Do you like pretty immunohistochemistry pictures? Well, good news! Click the buttons below or read on for a lay -friendly overview of what we’ve done in our recent paper and why it matters.
What’s it about?
Laminins are awesome. 40+ years of study have revealed that they play essential roles in maintaining the integrity of every tissue in the body, they also act as signalling hubs that can change many aspects of cell behaviour including regulating proliferation, and differentiation and they also provide substrates for cell migration such as during tissue development and wound repair. If that isn’t enough, laminins and the basement membrane structure that they form part of, are essential to the formation of barriers in the body such as those that stop tumours from invading but also that regulate the selective passage of immune cells from the blood supply into tissues. Part of this diversity in function is down to there being 12 different laminin genes which are expressed in different tissues at different times and in response to different stimuli.
So far so good, but where do LaNts come in? Well the laminin N terminus proteins, or LaNts, are the newest members of the laminin superfamily. So far they’ve only been studied in the skin and the surface of the eye but we have always thought that they are likely to be expressed (and likely functional) in other locations too. Importantly, knowing where a protein is is the first step toward understanding what it does, and what we have learned from the laminins is that context matters!
In this study, Dr Lee (Leeburt) Troughton set about finding out where LaNt a31 (the prototypical member of the LaNt family) is located in a wide-range of adult human tissues. To do so we made new antibodies against the protein and used them to probe panels of human sections using a procedure known as immunohistochemistry. This approach uses an enzymatic reaction to generate a brown stain wherever the antibodies have bound. The blue stain in the pictures is used to to recognise the nucleus in the tissue sections which is really useful for identifying structures. In addition to LaNt a31 he also probed for laminin alpha3 which is genetically related to LaNt a31 but has been widely and so provides a useful reference point.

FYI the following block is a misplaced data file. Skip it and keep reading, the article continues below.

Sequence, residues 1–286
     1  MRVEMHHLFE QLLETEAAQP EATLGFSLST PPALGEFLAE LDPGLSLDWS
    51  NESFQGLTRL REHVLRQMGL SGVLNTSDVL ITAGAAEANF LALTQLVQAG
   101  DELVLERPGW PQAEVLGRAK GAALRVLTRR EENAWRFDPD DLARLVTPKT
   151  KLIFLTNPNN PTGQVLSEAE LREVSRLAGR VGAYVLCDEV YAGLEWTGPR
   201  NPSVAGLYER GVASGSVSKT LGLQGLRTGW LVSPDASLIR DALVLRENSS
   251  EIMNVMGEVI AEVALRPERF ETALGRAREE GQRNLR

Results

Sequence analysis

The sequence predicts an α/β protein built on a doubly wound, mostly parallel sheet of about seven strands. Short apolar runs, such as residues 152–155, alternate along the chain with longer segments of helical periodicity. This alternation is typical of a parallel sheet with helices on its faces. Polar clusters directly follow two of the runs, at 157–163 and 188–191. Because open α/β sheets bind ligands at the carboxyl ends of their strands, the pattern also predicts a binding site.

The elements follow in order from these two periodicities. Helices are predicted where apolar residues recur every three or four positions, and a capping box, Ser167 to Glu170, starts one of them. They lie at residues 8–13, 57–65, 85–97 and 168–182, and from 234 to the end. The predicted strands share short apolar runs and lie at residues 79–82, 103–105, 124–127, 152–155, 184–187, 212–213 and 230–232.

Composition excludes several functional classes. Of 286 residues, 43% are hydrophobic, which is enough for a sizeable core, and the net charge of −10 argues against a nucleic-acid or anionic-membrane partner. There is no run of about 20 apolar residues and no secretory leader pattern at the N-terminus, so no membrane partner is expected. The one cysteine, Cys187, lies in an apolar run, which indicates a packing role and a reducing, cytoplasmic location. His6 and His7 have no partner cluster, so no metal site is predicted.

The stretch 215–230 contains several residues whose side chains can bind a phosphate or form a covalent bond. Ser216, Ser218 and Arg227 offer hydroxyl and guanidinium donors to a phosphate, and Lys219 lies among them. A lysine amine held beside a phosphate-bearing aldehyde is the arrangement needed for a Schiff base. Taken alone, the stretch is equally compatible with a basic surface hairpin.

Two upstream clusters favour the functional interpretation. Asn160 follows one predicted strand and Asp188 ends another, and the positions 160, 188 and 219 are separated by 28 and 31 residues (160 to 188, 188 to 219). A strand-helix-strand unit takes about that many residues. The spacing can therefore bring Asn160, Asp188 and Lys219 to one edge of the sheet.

What did we learn?
Genuinely loads of stuff.
First the expected. We anticipated that LaNt a31 would be found in the bottom layer of epithelial sheets (skin, the lining of the digestive tract (see above), the larynx) and that’s what we observed. We also thought that blood vessels would express the protein and again, the data supported that hypothesis.
However, once we got to the internal organs like kidney, liver and spleen we didn’t really know what to expect. That’s the really fun element of this sort of study. Everything is totally new and whatever we see tells us something that not only we don’t know but also that no one knows. Turns out LaNt a31 is in distinct structures in each of these tissues, most strikinglyit is enriched in different types of the kidney tubules and around the edges of pancreatic acini.
But the surprises didn’t end there. When we arrived at the cerebellum, cerebral cortex and spinal cord we found LaNt a31 in Purkinje neurons. What is it doing there? We don’t know yet! But now we know where to look.
There’s actually lots more in the paper. Check it out to find LaNt in your favourite tissue. It’s probably there!
Knowing where to find a protein in healthy individuals is just the beginning.
Now we know where to look, we know what to investigate next. By “we” I mean the collective scientific community (collaborators welcome). Obvious questions are what does LaNt do in these tissues? Is it required for normal function, does it change during development, in old age, in different disease conditions? My team are beginning to ask some of these questions, so stay tuned for some answers soon.